Bengal school’s class 8 question paper seeks five answers on Mamata’s Singur movement
A state-aided school in Kolkata has set as many as five questions on chief minister Mamata Banerjee and her land movement in Singur in the history paper for the annual exam of class 8, triggering sharp reaction from opposition parties.
The five questions carry a total of 14 marks in a paper of 70 marks. The exam was held last week.
“When governments in BJP-ruled states move to include the names of great men in school syllabus, Trinamool Congress leaders dub the initiative as saffronisation. Now, everybody can see the ruling party in Bengal wants to obliterate the names of all icons and replace them with that of Mamata Banerjee,” remarked BJP Bengal unit president Dilip Ghosh.
“I do not blame the school authorities. Those who included Singur movement in the syllabus are responsible,” Ghosh said.
In February 2017, the inclusion of a chapter on Singur movement and the role of Mamata Banerjee and her comrades prompted opposition leaders to pillory the ruling party alleging comparison even with Adolf Hitler.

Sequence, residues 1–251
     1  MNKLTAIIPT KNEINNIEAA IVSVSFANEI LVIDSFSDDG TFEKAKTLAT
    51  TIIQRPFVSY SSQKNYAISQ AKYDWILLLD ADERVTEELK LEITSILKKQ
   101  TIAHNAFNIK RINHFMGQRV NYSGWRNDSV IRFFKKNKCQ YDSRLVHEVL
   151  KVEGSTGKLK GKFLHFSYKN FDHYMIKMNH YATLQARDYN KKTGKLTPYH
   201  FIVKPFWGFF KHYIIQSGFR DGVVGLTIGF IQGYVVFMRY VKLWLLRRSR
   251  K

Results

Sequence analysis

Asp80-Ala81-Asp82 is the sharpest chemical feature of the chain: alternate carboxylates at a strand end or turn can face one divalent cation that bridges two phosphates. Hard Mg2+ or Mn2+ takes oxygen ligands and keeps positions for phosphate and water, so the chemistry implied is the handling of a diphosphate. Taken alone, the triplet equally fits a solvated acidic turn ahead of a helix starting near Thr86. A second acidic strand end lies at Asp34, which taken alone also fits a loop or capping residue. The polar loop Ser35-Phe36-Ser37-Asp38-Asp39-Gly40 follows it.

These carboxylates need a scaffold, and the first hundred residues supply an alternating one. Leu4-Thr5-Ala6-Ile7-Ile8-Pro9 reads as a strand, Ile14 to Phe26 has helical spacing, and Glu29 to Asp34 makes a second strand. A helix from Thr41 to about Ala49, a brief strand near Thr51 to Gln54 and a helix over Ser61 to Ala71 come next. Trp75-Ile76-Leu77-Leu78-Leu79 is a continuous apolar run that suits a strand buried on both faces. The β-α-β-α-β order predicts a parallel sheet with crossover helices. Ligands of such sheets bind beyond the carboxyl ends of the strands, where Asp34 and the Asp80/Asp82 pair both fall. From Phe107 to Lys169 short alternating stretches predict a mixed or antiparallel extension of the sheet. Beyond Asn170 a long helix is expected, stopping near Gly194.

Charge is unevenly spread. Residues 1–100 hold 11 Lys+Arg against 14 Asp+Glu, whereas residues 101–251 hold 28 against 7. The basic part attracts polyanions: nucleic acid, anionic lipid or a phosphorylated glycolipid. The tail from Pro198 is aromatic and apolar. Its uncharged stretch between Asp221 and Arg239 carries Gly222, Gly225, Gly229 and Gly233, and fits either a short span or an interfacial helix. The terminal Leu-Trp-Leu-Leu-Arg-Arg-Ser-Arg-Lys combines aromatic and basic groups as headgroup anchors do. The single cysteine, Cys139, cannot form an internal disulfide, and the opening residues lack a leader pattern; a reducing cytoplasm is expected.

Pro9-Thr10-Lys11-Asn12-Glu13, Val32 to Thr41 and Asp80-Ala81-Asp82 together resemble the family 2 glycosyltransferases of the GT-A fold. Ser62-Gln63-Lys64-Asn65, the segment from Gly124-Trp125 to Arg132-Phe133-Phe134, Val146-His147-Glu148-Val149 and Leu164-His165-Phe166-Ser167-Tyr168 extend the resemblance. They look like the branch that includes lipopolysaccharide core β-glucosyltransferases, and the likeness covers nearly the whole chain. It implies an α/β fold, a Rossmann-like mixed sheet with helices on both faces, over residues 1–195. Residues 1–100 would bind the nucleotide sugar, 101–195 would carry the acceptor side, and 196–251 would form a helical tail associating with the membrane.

“It is common practice that unless something is 30 years old, it is not included in history syllabus. The key point is, the ruling party wants tender minds to think that the Trinamool Congress chief is God,” remarked Sujan Chakraborty, CPI(M) legislator and leader of the Left parties in Bengal Assembly.
Abhinanda Ghosh Dastidar, the headmistress of Tiljala Balika Vidyalaya rejected any possibility of political considerations weighing on the teacher who framed the questions.
“In the half yearly exam, questions are set on the chapters that are covered till then. The chapter on Singur movement is taught towards the end of the year. That is the likely reason for five questions being set from that part,” said Ghosh Dastidar.
The Singur movement that began in 2006 opposing the land acquisition policy of the Buddhadeb Bhattacharjee government for the Nano factory of Tata Motors is one of the defining moments of Mamata Banerjee’s political career that paved the way for the rout of the 34-year-old Left regime.
In August 2016, the Supreme Court upheld Mamata Banerjee’s contention and said that the land plots be returned to their original owners, following which as many as six pages of a 10-page insert, titled “Jami Jal Jangal: Jiban Jibikar Adhikar O Ganaandolan” (Land, water, forests: the right to life and livelihood and mass movements), were devoted to Mamata Banerjee’s Singur movement.
The chief minister’s pictures adorn five of the six pages in the book.
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